Episode 30: The Plays of Edward de Vere

renaissance portrait of Edward de Vere, 17th Earl of Oxford, painted by an unknown painter
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Mark and Joe are joined by the Canadian actor, director, producer and playwright, Saul Rubinek.

They have a wide-ranging and educational conversation that they launch with the question: “Who was your favorite playwright.” Saul answers Edward de Vere, the 17th Earl of Oxford, whom he believes (along with many others) wrote all of Shakespeare’s plays.

“Even some of the most renowned academics have trouble accepting the evidence,” he says.

He’s done a one-man version of Merchant of Venice, and in the process researched the question; he’s a proponent of the idea.

Then the conversation moves into a discussion of an opportunity Saul had to play a Hasidic rabbi in a little village in 1941 Ukraine, called Shttl. (The Yiddish word for “village.”) It was a project that deeply connected him to his own family’s history.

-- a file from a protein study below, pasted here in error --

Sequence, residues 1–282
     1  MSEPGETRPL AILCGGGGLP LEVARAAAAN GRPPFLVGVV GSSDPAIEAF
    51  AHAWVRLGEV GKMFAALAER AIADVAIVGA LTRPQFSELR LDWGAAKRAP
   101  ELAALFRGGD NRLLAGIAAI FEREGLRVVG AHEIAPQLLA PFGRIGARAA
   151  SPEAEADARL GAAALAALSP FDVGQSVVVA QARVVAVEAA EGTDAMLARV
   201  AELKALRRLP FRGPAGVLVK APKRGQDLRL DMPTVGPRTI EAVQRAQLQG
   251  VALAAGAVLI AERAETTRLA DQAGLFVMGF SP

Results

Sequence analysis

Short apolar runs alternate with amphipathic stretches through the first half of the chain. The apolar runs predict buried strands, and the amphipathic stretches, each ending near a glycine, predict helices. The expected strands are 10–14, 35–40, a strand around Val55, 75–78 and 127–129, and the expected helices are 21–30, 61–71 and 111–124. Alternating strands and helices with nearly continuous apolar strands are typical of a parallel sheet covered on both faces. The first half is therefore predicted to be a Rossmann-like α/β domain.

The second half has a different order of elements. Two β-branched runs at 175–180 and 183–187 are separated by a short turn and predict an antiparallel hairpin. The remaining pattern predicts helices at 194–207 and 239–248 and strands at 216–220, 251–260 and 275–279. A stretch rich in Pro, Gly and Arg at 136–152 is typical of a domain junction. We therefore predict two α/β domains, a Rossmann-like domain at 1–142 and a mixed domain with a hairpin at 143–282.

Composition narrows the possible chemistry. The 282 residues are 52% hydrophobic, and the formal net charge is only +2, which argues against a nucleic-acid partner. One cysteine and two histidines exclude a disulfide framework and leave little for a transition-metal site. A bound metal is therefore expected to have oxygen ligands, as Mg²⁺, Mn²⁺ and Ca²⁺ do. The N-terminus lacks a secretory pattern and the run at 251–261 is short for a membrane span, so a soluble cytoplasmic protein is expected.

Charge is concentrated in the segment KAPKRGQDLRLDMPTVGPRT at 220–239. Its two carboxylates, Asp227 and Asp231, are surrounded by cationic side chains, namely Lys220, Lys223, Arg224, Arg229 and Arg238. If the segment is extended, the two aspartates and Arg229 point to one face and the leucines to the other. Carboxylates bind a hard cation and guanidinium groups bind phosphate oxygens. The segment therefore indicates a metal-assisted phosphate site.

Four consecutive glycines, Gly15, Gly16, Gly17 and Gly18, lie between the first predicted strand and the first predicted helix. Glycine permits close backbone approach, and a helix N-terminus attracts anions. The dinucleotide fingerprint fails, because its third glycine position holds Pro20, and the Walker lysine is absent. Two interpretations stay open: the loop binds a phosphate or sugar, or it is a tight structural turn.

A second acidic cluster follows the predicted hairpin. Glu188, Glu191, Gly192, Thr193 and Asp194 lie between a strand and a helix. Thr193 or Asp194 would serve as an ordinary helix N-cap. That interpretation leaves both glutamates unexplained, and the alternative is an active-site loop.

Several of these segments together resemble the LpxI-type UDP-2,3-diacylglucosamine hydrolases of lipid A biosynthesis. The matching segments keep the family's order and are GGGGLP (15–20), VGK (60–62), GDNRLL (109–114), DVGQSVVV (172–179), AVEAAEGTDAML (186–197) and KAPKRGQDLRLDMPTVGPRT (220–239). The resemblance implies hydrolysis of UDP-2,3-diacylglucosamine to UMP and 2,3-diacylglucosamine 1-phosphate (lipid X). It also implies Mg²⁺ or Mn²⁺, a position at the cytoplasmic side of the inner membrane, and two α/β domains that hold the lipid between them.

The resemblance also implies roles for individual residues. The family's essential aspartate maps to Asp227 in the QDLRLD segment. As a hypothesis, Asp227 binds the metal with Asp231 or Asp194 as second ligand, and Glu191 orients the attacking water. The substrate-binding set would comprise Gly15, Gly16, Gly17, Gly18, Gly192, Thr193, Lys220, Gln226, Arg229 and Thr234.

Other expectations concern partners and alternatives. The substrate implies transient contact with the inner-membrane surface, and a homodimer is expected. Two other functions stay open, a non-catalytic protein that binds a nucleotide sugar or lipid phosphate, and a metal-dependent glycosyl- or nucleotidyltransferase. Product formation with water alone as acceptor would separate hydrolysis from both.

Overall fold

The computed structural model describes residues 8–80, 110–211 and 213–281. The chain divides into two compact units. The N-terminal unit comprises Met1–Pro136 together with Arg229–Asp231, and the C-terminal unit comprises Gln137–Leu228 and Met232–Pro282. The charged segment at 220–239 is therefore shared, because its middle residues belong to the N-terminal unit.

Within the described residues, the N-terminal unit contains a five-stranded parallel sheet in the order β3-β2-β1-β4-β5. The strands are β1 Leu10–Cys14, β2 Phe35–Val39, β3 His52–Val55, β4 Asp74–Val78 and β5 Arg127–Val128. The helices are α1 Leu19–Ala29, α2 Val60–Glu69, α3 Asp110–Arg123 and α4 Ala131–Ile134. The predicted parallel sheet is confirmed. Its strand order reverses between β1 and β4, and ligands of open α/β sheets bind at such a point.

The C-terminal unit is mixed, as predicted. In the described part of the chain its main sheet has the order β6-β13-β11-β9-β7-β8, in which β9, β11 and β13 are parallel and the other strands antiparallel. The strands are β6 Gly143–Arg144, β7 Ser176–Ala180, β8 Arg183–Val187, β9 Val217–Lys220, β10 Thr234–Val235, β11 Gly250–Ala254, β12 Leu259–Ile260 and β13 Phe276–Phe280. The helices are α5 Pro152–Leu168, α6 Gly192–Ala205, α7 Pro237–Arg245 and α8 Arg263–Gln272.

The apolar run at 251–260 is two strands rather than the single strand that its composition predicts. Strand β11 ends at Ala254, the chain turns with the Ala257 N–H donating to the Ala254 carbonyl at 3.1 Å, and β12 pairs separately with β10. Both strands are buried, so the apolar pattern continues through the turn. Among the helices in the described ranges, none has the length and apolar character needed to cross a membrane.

He explains how he came to write the book, So Many Miracles, which is about how his Yiddish-speaking Jewish parents survived WWII.

It began as a ruse to get closer to his parents, who had a “biblical” reaction to him dating a non-Jewish woman. (There is also a documentary based on the story.)

They also discuss how Yiddish was Saul’s first language, which he learned in Montreal as a child. A fact that proved immensely valuable in his work in Shttl, and in his play, All In the Telling.

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Saul Rubinek has had a career that spans more than fifty years, filled with marvelous performances in hundreds of roles on stage, screen, radio and television, most recently in successful TV series such as Hunters, Schitt’s Creek, and The Marvelous Mrs. Maisel.

His latest film work is in Shttl. [He is pictured at right; he plays a Hasidic rabbi in the movie set in 1941 Ukraine.]

According to the Canadian Jewish News: “Acting in a fully Yiddish film was a first for the veteran Hollywood star, whose Jewish credits include Barney’s Version, Hunters and The Outside Chance of Maximilian Glick. And shooting it in Ukraine, just before the Russian invasion, has imbued it with even heavier symbolism.”

It debuted at the Vancouver Jewish Film Festival in March, and had its Ontario opening in June at the Toronto Jewish Film Festival.

Get the book about his parents, So Many Miracles, and the documentary can be found here.

Learn more about Shttl at IMDB.

Saul Rubinek in costume as a rabbi in Ukraine, circa 1941

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